Skip to main content

Today we’re going to talk about the long and short wall setup in rectangular rooms. Most people set up on the short wall, rectangular room, they put their left and their right channels here. You can also set up on the long wall, so let’s look at both situations and see what the differences are. Obviously with the short wall we’re going to have shorter side wall distances so we’re going to have energy reflecting off the side walls at the listening or monitoring position.

So this time signature has to be managed correctly because we all know that the balance between the reflected and the direct energy from our speakers is critical in image, focus, definition and all the other variables that we have to deal with. So the typical setup is on the short wall people like to fire the speakers down the long lengths of the rectangular room which is fine as long as you have some minimum distances here. Minimum distance is 4 to 5 feet. Let’s keep that in mind.

Obviously with a longer setup here, we have bigger distances for our side wall reflections which is good because it’s less time-domain signatures that we have to manage through absorption or diffusion. But then in rectangular rooms the long wall setup presents another setup issues because then we shorten the distance from the listening position to the rear wall. So it’s kind of 6 to one and half a dozen of the other as they used to say back many years ago. So it just depends on what you’re trying to accomplish. Obviously it depends on your distances and volume of the room.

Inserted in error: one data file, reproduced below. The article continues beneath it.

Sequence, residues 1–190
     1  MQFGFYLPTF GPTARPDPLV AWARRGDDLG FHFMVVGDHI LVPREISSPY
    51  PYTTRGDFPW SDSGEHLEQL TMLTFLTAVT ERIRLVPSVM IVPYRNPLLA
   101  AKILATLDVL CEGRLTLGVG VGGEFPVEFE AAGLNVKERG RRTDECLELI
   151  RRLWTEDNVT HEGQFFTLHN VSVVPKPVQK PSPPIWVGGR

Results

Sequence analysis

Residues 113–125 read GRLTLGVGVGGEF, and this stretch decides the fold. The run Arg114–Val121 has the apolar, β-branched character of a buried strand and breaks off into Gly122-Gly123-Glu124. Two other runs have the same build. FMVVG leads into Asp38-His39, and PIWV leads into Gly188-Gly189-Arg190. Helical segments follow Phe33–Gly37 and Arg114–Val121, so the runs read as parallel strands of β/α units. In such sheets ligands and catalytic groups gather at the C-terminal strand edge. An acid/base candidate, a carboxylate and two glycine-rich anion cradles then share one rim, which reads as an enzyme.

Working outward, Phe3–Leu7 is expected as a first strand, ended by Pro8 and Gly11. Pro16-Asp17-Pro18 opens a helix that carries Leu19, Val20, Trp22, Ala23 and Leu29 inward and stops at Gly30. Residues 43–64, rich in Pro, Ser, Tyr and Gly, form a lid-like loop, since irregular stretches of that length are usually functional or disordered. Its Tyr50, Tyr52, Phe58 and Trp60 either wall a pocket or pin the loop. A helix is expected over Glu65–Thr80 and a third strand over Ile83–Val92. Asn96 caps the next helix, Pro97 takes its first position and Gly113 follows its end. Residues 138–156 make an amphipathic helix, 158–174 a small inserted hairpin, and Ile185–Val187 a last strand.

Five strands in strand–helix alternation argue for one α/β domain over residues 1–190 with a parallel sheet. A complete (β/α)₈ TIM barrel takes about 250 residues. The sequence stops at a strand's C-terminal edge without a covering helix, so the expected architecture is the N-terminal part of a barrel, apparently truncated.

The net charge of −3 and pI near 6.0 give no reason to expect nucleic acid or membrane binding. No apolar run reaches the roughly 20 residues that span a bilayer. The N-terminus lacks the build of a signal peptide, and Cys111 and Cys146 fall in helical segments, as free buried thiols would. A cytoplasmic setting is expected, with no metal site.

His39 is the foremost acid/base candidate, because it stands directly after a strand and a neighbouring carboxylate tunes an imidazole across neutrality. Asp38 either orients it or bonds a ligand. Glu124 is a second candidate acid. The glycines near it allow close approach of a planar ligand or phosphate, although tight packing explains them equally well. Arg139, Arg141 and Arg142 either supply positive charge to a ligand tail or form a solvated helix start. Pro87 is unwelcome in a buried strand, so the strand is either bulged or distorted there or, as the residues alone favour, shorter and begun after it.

So both can work for you. But it’s always this direct versus reflected energy paradigm that we have to keep in focus. So short wall setups, smaller side wall distances more need for a time domain reflection management. Long wall setup less of a distance on the side walls but then the rear wall in this case comes into play and then we have to treat the rear wall because we don’t want that energy coming back on.

So it’s kind of a balancing act, it depends on what your objective is, always usage, what you’re trying to do in the room and the distances that we have to work with. If we set up long ways on a rectangular room then our diffusion if that’s what we’re going to use for this treatment must have enough distance to work with. So it’s a balancing act. It’s no right, no wrong, you just have to match the usage with what you’re trying to accomplish.

Dennis Foley

I am an acoustic engineer with over 30 years’ experience in the business. My technology has been used in Electric Lady Land Studios, Sony Music of New York, Cello Music and Films founded by Mark Levinson, and Saltmines Studios in Mesa, Arizona, along with hundreds of others.


  • Tim Norris says:

    Hi Dennis.
    We’re buying a house and I intend to close in a basement room for my studio. The ceilings will be typically low (7 1/2 after drop ceiling). I know that is far from a best case (I’ve been producing and engineering for 40 yrs!) but it’s all I’ve got. I suspect I would have a room maybe 12 by 18 by 7 1/2
    So, knowing that I might run into a significant bass issue I wondered about your take on Helmholtz resonators. I will only be using near-field monitors and mostly at lower volumes. I would track some vocals and acoustic instruments in te same room.
    Thanks for any response.
    Tim Norris

Leave a Reply

This site uses Akismet to reduce spam. Learn how your comment data is processed.